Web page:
Savills News

On Balcony Safety Nets

A recent, internationally publicised event, highlighted the issue of child safety on apartment balconies, or tragedy, if not for the actions of one resolute Hanoian. Installing safety nets on apartment project balconies helps reduce accidents, however there are conflicting views on what is the best possible approach. Ms. Vu Kieu Hanh, Savills Hanoi Head of Property Management, helped provide some key insights and industry perspective.

The Government provides stringent regulations on Safety & Risk Prevention in high-rise buildings, which all Real Estate developers closely follow. However, when accidents occur on balconies of operating apartment towers, the role of the project Property Management Board comes under closer scrutiny.

According to Ms. Vu Kieu Hanh, Savills Hanoi Head of Property Management, State regulations on apartment building safety are fully adhered to, from the very start and throughout project development, with approvals required at every step. From original design to official approval, to construction, including installation of all project components, and to handover. Essentially everything requires approval before being deemed safe for public use. Operations are then generally handed over to a sub-management unit, or a third party property management agency, who then assume day-to-day responsibility for the entire project. Project-user safety regulations also require official reviews and approvals. Safety issues are directly related to real estate operations and management, which is why professional property management companies have proven risk prevention guidelines. Savills Property Management has guidelines on balcony safety nets which outline the following issues requiring close attention.

A key aspect is what the safety net is made of. If the material is too rigid and secured too well, it will complicate and slowdown balcony rescue operations, a major concern in the case of fire, especially when people on other unit balconies are waiting to be rescued. Balconies are also designed as a secondary emergency exit. Savills Vietnam provides Fire Safety & Prevention guidelines to residents of their managed projects which clearly define balconies as the primary rescue point when using other exits becomes life threatening. When homeowners with children, especially those under 5 years old, look to install balcony safety nets, the first, possibly most essential step, is careful consideration of the material.

Safety nets require a strong flexible material with good weight-bearing capacity, such as plastic coated wire, or light cable. In case of emergency, specialist cutting tools need to be immediately available in the apartment to swiftly cut through the wire-mesh. Iron, or stainless steel frames, while giving a clear impression of security, should be avoided. By being bolted, or even welded, to the building, cutting an exit hole would take far too long. The rapid speed of how fire can spread, with often highly toxic smoke compounding the immediate threat to life, requires an urgent, yet calm and controlled response from residents, best counted in seconds.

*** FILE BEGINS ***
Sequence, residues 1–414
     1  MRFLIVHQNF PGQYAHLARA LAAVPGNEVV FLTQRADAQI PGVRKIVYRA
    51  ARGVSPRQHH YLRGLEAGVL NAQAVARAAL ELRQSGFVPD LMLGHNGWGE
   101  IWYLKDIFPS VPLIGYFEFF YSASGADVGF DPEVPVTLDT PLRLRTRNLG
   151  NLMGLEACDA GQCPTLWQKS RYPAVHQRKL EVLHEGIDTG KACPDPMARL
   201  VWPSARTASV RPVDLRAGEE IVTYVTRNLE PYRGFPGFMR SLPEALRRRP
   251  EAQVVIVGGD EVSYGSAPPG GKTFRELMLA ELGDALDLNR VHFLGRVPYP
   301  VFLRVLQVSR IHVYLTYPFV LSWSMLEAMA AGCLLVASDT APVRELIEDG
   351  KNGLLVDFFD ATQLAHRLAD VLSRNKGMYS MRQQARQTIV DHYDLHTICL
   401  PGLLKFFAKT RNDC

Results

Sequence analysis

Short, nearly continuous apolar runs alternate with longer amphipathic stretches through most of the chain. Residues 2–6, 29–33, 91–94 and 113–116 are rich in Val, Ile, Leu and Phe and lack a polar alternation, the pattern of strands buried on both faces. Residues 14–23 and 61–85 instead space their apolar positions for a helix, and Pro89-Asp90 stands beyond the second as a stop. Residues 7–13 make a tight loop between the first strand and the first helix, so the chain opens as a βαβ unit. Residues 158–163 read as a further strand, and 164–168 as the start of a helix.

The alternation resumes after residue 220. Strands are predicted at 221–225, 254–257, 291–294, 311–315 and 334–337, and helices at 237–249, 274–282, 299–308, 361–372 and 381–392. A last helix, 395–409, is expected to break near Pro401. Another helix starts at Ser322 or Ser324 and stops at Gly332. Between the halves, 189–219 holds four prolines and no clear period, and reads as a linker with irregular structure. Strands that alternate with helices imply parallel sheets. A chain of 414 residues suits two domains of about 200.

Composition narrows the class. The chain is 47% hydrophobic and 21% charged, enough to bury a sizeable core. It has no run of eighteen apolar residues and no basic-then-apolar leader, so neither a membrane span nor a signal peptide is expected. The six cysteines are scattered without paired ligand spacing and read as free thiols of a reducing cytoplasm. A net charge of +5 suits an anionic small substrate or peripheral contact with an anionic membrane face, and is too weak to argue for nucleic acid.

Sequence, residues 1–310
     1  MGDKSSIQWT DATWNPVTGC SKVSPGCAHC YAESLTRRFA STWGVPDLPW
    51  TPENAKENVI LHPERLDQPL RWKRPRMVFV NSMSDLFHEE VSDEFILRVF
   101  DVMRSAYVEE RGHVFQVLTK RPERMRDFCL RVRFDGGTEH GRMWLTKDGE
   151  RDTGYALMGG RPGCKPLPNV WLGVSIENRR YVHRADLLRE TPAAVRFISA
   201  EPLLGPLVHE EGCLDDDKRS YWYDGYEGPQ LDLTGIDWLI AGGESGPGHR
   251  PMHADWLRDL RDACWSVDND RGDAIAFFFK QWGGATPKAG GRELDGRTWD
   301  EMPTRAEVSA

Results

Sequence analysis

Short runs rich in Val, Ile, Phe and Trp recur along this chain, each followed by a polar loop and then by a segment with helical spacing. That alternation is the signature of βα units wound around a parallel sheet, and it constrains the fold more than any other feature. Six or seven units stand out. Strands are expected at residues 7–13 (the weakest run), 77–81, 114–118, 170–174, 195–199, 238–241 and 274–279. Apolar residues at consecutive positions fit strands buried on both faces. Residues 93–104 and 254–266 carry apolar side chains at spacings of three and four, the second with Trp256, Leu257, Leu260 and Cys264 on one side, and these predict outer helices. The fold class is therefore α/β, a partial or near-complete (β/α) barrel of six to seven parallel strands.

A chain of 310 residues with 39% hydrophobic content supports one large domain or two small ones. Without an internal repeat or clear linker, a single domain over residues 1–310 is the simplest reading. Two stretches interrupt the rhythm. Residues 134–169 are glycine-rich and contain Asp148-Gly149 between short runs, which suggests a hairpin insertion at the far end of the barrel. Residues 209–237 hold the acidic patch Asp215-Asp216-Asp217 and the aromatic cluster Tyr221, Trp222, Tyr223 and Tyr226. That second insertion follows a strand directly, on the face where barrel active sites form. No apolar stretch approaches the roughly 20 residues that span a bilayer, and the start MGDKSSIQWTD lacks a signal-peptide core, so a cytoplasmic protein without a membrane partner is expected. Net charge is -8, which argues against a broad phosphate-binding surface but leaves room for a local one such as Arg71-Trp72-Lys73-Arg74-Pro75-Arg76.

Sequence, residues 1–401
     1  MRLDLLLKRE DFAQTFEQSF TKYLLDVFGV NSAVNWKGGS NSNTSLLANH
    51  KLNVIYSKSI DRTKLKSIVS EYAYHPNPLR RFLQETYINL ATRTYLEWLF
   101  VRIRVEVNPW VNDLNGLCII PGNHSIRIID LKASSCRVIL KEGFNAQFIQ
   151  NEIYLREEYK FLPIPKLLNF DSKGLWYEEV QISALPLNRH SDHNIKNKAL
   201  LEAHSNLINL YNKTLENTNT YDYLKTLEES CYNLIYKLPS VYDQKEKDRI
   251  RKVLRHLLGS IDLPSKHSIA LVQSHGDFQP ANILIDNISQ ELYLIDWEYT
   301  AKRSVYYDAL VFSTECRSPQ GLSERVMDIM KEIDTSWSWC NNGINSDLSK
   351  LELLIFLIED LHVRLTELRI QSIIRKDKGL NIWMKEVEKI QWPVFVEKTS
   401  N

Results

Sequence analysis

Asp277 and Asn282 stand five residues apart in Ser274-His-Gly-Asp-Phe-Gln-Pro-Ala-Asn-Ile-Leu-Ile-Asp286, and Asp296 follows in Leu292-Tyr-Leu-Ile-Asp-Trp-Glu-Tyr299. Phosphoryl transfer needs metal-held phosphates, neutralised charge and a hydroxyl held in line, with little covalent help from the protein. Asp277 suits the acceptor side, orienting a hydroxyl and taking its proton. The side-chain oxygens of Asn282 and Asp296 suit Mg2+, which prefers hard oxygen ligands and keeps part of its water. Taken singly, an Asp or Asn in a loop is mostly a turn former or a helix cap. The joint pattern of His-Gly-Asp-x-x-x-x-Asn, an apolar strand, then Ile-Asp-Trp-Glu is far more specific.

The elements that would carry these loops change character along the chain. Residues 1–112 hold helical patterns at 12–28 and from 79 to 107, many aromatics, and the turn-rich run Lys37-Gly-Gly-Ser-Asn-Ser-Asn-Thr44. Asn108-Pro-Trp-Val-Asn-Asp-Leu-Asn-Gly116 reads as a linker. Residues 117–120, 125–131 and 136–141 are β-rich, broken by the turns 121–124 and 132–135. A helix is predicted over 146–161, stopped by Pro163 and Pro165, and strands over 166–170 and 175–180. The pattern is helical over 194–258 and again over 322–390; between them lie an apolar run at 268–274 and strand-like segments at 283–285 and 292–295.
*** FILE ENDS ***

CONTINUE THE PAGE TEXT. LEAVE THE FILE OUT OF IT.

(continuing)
Responsible child supervision also plays a major role. Families with young children should avoid leaving tables, chairs, or boxes on the balcony. If a table is required near a window, the window should remain closed, and inaccessible for a child. Installation of window or balcony door locks are very effective solutions, but forgetfulness, or simply distraction, together with a highly active child, can quickly result in an event cascade to disaster.

Safety & Risk Prevention in apartment developments should be strictly implemented by project management boards. According to State regulations, twice a year, management staff in every apartment project, require safety control and risk prevention training, often with live Fire & Rescue rehearsals. However, despite the rapid development of Real Estate in Viet Nam, few Property Management Companies have specialist Safety and Risk Management departments. This is not so much a reflection of the companies themselves, but more services being restricted to security, finance management, car-parking management, etc.

Savills has a Safety & Risk Management Department which is fully responsible for updating official safety regulations to every Savills managed project, including briefing all management teams, while ensuring project safety manuals and resident guidelines are kept fully up to date. The department requires specialist fire safety talent to correctly advise investors throughout development, with supervisory reviews solely focused to resident safety, and, in case of fire, to ensure a speedy, yet controlled evacuation of the building. This ensures the project fully aligns with - or as Savills focuses on - exceeds official safety standards to further limit any possible risk.

According to the Viet Nam Construction Code on Housing & Public Works QCXDVN 05: 2008 / BXD & National Technical Regulation QCVN 04: 2019 / BXD on condominiums, regulations on fences, balustrades, balconies, including the heights from floor to windowsill in an apartment building must not be less than 1.4 m. Any areas regularly used by children under 5 officially require any railing gap does not exceed 100mm, and any railing is not easily climbable by children.

 

Find out about Savills Property Management Services: http://sav.li/ka9

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